graduate level course under the direction of one of the researchers. The students

provided anonymous critiques of the materials and provided ideas for additional

activities. This method of field-testing the activities was supplemented with feedback

from teachers at area technology centers through phone conversations and personal

interviews.

Survey Instrument Modification

       The SRES is made up of five scales covering attitudes about gender in marital

roles, parental roles, employment roles, social-interpersonal-heterosexual roles and
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education roles. For the purposes of this study the researchers elected to use only the

scales covering the employment roles and education roles (see Appendix C). This greatly

reduced the number of questions on the survey and emphasized the areas most closely

related to the purpose of this project. The questions were taken from Form B of the

SRES and were reproduced and printed by the researchers with permission from SRES.

The resulting survey consisted of 38 questions with each scale consisting of 19 questions.

The subjects were to identify their gender and then select an answer from five choices.

Strongly agree, agree, neutral or undecided, disagree, or strongly disagree. These choices

were scored on a scale of one to five with a higher score representing a greater degree of

agreement based on gender. The wording of the questions had an effect of whether a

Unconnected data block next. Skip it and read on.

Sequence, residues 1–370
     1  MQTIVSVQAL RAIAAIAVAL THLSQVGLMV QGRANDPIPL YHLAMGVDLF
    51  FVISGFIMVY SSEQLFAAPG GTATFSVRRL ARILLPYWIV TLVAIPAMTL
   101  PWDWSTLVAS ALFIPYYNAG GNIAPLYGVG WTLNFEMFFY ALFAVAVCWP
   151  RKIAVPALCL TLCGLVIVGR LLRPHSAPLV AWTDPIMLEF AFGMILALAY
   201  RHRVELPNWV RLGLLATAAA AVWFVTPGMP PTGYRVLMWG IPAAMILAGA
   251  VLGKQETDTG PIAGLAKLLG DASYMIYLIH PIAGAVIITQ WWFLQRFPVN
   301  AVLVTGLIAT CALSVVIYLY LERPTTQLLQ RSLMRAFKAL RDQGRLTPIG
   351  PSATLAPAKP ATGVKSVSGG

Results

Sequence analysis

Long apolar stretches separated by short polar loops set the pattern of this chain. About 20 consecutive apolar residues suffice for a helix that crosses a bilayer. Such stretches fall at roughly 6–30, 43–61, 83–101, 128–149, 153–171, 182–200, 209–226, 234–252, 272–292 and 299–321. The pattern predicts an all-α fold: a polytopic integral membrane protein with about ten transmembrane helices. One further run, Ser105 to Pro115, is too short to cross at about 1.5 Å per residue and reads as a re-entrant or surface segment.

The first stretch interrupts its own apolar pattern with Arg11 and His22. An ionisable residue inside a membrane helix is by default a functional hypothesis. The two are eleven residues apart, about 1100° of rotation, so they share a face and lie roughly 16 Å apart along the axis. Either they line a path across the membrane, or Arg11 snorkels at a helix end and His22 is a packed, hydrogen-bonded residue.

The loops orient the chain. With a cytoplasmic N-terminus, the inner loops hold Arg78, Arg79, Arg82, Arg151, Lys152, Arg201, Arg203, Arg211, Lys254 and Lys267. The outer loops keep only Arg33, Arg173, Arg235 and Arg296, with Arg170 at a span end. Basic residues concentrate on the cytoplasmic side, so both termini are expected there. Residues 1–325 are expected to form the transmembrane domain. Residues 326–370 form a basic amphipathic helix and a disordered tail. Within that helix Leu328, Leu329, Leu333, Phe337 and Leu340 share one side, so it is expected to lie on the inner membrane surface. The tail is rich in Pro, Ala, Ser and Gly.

score of five was related to the strongly agree answer or to the strongly disagree answer.

       A manual-scoring template was utilized and the surveys were hand scored to

establish points for each question. The total score for the scale was determined by

summing the point values for each question grouped by the scale addressed. These

values could then be compared to differences in scores for male and female subjects and

to scores obtained through previous administrations of the SRES Form B. The SRES

manual by Sigma Assessment Systems (King and King, 1993) included comparison data

that provided a means of relating scores from this study with scores obtained by previous

studies using the SRES.

Survey Administration

The modified survey used in this study was administered to subjects using three different

methods. One method was soliciting participants at two different statewide meetings.

The attendees of the meeting were asked if they would care to assist in a research study
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on gender equity. Those that agreed to participate were given a survey instrument and an

informed consent letter. After reading and signing the consent letter the subject was

instructed to read the instructions for the survey and complete the instrument. The

instruments and consent letters were collected by the researcher and kept in separate

locations so the name on the consent letter could not be identified with a survey

instrument. This method was used at the state HOSA and VICA meetings.

       Another group of subjects were solicited at a two-day meeting of the New

Teacher Institute. At this meeting the participants of the meeting were asked if they